Florida Supreme Court justices on Friday seemed sympathetic to the argument from the government that the state constitution does not protect abortion, a view that could pave the way for a sweeping abortion ban to become law.
The lawsuit challenging the current 15-week ban was brought by a group of Florida-based abortion providers, including Planned Parenthood.
Their central argument was that the law violates the state’s constitutional right to privacy, which voters approved in 1980 and the Florida Supreme Court in 1989 said provides a fundamental right to an abortion.
The state argued the nearly 35-year-old ruling was wrong, and is banking on a much more conservative court reshaped by Gov. Ron DeSantis (R) to agree.
Five of the seven justices currently on the court were appointed by DeSantis, and several have deep connections to the anti-abortion movement.
Justices questioned lawyers on both sides on how they knew what voters were thinking more than 30 years ago when they adopted the privacy amendment.
The state argued Florida’s Constitution protects “informational privacy” only, and had nothing to do with abortion.
But Whitney White, the attorney representing the abortion providers, said legislators were aware of the implications, especially given that abortion was legal under Roe v. Wade, the decades-long precedent struck down by the U.S. Supreme Court last year.
“There’s evidence in the historical record that legislators were fully informed and fully on notice that the terms of the privacy clause were broad, that they would incorporate existing federal privacy rights, and that that included decisional autonomy rights such as abortion,” White said.
White argued that since there was no way to actually know what voters were thinking in 1980, the state Supreme Court must view the plain text of the constitutional provision, which states that a person “has the right to be let alone and free from governmental intrusion in the person’s private life.”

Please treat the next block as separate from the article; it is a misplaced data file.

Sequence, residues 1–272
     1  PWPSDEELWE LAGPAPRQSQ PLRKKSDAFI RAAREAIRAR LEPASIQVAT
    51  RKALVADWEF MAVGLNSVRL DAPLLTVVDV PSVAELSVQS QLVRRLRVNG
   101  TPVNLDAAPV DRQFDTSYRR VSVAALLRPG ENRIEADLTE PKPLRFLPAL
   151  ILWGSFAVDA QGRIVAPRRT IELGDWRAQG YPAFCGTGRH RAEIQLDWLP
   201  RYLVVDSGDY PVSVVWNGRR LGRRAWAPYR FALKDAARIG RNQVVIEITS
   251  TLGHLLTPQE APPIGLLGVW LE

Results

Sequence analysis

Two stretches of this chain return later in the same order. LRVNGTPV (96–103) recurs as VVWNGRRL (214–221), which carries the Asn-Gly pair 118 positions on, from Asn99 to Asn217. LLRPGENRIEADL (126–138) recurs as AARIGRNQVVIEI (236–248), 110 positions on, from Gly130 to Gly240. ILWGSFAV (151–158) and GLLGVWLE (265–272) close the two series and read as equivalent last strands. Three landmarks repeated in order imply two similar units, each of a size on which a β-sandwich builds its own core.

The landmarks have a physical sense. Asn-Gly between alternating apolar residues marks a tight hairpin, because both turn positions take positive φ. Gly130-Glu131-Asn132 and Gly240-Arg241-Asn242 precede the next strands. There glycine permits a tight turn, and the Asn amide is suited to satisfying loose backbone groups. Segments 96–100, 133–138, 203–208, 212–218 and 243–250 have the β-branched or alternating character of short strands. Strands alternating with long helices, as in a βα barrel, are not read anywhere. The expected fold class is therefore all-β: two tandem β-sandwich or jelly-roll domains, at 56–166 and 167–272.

The state’s court brief, along with those from other groups supporting the ban, cited numerous interviews from legislators and newspaper op-eds from the time to show that there was no mention of abortion in the context of privacy rights.
“It was explained and sold to the people solely on informational privacy,” said Henry Whitaker, Florida’s solicitor general.
Chief Justice Carlos Muniz appeared to agree.
“It seems like the record at most shows that, in a legal sense, privacy may have included abortion, but it doesn’t seem like the people of Florida really had an actual debate over that when this was adopted,” Muniz said.
Muniz later called the U.S. Supreme Court’s 1973 Roe v. Wade ruling that established a right to abortion as an “abomination,” and also indicated he believes a fetus is a human being that needs legal protections.
“You’re asking us to essentially take a whole class of human beings and put them outside of the protection of the law, essentially, in the sense that if the Legislature wants to protect those human beings, they are precluded by the constitution of Florida,” he said.
There is no timetable for when the court will issue a decision, but the outcome will determine not only the future of abortion in Florida but also across much of the South.
If the justices decide in favor of the state and say there is no right to an abortion, the decision would automatically trigger an even stricter law that will ban abortions after six weeks.
DeSantis, who is running for president in 2024, signed the six-week ban into law in April and it is set to take effect 30 days after the state Supreme Court issues a decision. If that happens, advocates said women would be forced to travel hundreds or even thousands of miles to access care.
Virginia would be the only state in the South to allow abortion beyond the first trimester.
Both Florida’s current 15-week ban and the six-week ban contain some exceptions, including for life of the mother and certain “fetal anomalies.”
The six-week ban includes exceptions for rape and incest, and would also provide $25 million in state funding every year for crisis pregnancy centers, which aim to dissuade people from getting abortions.
White, the attorney for the abortion providers, argued the abortion ban puts the health and lives of pregnant Floridians at risk.
“Despite their best efforts, providers are finding their hands tied by [the law],” White said.
In some cases, it’s forcing providers to wait for patients who are experiencing otherwise treatable medical pregnancy complications to instead deteriorate to the point of developing life-threatening conditions like sepsis before they can intervene.
“These injustices have been ongoing for a year, and if this court doesn’t step in now, there is an even more dangerous six-week ban waiting in the wings,” White said.
After the hearing, White told reporters a ruling in favor of the state could have repercussions beyond abortion law.
“If the Court were to agree with the state, it would be not just overruling precedents related to abortion, but numerous other precedents that hold that the privacy clause gives broad and strong protections … to the ability of all of us to make deeply personal decisions for ourselves, about our lives, our families and our health.”
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